Packaging the image of the happy rebel

Linn Beyerböck and Ellen Asp won the honorary prize at PIDA Sweden 2013. Their project was a picnic-friendly package for cookies, one that opened up to a complete ready-to-serve unit for coffee sessions in the park. Cute and clever.

Today, Linn and Ellen both work as packaging designers at cutting-edge food company Renée Voltaire. “We are a small and very open department,” says Ellen. “A combo of marketing and design, like an in-house agency.

We do have a design style to adhere to, but we also have creative freedom.”

Linn and Ellen design packaging with a distinct brand identity for inspiring, healthy and ecological food at Renée Voltaire. Among their designs you’ll find the Coco Water bottle. View more at


“The business has a clear focus on innovative food – in this case green, inspiring, healthy, and ecological food,” says Linn. “And the packaging has got to reflect this. The brand is like a happy rebel,” Linn continues. “We have our own production kitchen here,” says Ellen. “Sometimes the projects go very fast: we develop a product here in the kitchen, we decide how to market, design, package and display it, and it’s out there on the shelves in a matter of a week.”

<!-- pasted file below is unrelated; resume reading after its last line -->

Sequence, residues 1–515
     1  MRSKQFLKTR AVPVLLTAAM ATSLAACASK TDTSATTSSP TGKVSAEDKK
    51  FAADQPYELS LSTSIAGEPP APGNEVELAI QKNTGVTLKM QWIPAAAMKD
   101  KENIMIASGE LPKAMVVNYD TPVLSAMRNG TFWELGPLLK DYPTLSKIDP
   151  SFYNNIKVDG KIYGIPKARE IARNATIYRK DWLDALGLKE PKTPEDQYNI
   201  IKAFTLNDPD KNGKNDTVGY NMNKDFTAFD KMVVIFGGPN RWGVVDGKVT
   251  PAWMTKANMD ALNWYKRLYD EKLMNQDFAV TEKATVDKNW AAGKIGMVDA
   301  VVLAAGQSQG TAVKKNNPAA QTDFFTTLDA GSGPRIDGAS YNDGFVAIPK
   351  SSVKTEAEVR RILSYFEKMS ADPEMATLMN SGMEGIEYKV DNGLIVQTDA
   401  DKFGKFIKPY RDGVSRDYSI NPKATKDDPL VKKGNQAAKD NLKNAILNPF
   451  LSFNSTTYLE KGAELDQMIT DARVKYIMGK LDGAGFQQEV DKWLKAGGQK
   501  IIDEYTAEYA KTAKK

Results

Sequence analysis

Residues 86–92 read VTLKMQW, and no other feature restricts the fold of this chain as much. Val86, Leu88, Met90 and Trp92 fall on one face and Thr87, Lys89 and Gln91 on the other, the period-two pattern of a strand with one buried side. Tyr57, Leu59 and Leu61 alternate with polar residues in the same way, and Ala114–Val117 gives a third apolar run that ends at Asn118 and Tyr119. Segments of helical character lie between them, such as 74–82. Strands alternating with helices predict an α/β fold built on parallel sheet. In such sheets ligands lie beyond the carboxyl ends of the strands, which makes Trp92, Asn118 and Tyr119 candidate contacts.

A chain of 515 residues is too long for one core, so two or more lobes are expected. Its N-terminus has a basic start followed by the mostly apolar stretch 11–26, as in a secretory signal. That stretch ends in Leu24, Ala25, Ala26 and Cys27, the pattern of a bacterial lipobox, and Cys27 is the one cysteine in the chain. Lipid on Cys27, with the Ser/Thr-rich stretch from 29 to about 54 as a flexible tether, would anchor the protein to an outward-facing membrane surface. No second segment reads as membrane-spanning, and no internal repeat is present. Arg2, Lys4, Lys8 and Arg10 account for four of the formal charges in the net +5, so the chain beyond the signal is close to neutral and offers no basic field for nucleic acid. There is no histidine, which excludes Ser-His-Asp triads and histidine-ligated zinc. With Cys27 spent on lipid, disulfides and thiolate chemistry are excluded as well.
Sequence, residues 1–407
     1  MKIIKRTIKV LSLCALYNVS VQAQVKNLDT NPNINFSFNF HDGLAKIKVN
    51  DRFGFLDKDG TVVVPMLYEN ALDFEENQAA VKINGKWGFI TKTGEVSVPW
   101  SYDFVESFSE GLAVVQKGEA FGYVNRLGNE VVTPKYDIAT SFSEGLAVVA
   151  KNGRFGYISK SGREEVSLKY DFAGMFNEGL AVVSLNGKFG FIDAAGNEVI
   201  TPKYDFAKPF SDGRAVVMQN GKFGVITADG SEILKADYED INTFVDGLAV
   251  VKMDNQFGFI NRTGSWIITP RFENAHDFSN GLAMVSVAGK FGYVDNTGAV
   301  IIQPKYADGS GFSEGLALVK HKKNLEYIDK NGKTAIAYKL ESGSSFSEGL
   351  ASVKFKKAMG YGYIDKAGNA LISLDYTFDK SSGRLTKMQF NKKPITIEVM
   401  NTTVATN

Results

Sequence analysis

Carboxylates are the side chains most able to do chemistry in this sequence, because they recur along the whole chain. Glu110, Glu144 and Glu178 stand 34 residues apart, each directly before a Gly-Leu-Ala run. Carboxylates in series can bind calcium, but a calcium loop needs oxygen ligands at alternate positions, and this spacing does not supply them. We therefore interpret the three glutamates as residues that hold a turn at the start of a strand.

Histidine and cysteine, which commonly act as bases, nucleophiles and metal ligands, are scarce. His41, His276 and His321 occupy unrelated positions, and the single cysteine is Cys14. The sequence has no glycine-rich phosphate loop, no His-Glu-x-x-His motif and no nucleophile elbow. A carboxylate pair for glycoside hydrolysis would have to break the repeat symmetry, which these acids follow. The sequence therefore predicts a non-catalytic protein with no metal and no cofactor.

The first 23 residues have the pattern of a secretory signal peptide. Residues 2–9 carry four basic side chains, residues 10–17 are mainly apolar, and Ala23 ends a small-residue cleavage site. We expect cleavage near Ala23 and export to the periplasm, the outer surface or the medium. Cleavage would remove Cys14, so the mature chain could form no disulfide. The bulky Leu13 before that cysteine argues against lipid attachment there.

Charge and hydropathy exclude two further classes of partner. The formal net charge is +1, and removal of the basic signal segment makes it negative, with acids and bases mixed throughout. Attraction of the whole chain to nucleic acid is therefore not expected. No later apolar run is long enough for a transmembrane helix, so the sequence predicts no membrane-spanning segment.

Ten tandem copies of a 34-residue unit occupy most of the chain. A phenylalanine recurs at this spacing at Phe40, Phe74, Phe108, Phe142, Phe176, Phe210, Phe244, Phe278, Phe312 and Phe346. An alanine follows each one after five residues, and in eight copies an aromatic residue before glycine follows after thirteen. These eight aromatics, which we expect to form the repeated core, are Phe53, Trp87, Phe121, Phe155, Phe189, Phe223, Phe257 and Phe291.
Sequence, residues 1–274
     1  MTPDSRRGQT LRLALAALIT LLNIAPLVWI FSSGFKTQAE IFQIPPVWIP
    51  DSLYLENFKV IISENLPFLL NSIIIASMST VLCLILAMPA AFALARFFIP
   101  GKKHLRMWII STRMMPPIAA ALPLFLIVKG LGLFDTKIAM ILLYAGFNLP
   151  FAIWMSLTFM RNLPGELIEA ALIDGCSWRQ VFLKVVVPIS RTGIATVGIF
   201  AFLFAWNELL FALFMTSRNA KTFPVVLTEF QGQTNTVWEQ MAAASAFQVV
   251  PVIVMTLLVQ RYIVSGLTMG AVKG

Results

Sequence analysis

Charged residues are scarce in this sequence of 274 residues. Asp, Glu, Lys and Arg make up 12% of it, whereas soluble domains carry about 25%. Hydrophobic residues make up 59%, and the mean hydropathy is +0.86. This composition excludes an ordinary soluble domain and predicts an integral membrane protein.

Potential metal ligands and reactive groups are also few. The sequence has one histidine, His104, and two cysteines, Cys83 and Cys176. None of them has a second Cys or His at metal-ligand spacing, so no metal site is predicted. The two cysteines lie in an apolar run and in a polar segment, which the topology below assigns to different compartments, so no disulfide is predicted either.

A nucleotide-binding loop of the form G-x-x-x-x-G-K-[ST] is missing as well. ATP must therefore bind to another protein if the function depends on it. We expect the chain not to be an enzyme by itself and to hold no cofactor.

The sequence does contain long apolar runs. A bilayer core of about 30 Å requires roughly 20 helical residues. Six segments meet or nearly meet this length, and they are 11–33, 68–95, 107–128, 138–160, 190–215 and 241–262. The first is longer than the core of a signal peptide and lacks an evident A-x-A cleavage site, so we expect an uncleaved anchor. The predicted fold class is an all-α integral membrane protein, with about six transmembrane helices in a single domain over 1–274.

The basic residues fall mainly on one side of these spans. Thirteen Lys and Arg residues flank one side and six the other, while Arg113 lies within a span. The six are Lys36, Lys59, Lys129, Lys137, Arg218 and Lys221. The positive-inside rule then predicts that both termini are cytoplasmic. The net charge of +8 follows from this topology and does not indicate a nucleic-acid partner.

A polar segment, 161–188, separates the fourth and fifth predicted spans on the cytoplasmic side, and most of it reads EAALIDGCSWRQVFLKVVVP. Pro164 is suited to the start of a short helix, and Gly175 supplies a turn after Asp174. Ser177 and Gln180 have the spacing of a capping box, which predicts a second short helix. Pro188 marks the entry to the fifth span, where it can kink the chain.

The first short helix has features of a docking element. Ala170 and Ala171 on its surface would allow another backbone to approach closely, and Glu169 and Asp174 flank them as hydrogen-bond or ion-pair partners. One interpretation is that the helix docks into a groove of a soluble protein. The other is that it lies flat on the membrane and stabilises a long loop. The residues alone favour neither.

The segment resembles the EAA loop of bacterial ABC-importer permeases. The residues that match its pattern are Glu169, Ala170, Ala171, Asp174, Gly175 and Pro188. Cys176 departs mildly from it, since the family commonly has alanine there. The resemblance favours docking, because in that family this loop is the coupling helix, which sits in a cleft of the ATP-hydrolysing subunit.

I think the great value of PIDA, for us students, was the fact that it was all handed over to us. The responsibility, the chance to grow and develop. And for others, I just think the idea of cooperation and opportunities of contact is a good thing.
Linn Beyerböck

Looking back at PIDA, Linn and Ellen think it was a useful learning experience, and the first assignment they had with a flavour of authentic, serious work. “I liked the fact that it was a big job with many angles to consider,” says Linn. “I liked the brief and I liked the challenges. Some were difficult to handle. Such as estimates of production cost. Or technical issues. But we resolved them in the end.”

Winners of the PIDA honorary prize: Linn and Ellen designed FIKA, a smart and appealing kit for a coffee picnic.


“The best thing about the project was the feeling of pieces falling in place,” says Ellen. “The sense of achievement, that your contributions matter and that you take responsibility for the quality of the whole project together with the team.”

Since this piece was published, Ellen Asp is no longer with Renée Voltaire but has moved on to new challenges.